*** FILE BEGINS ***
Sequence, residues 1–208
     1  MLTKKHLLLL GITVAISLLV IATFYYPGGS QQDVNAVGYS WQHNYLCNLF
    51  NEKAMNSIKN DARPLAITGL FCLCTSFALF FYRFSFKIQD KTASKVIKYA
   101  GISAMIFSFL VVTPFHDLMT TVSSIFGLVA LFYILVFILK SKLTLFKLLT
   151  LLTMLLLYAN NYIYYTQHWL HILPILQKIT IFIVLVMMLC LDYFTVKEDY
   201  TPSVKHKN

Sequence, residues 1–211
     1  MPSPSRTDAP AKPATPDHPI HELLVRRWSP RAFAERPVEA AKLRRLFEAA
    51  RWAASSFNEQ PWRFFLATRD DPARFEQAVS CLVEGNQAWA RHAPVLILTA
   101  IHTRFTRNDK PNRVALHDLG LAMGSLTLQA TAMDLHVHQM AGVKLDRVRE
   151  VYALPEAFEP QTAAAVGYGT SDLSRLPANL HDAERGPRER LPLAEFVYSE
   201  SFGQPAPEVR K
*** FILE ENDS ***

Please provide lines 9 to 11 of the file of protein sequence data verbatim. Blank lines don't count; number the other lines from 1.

    51  RWAASSFNEQ PWRFFLATRD DPARFEQAVS CLVEGNQAWA RHAPVLILTA
   101  IHTRFTRNDK PNRVALHDLG LAMGSLTLQA TAMDLHVHQM AGVKLDRVRE
   151  VYALPEAFEP QTAAAVGYGT SDLSRLPANL HDAERGPRER LPLAEFVYSE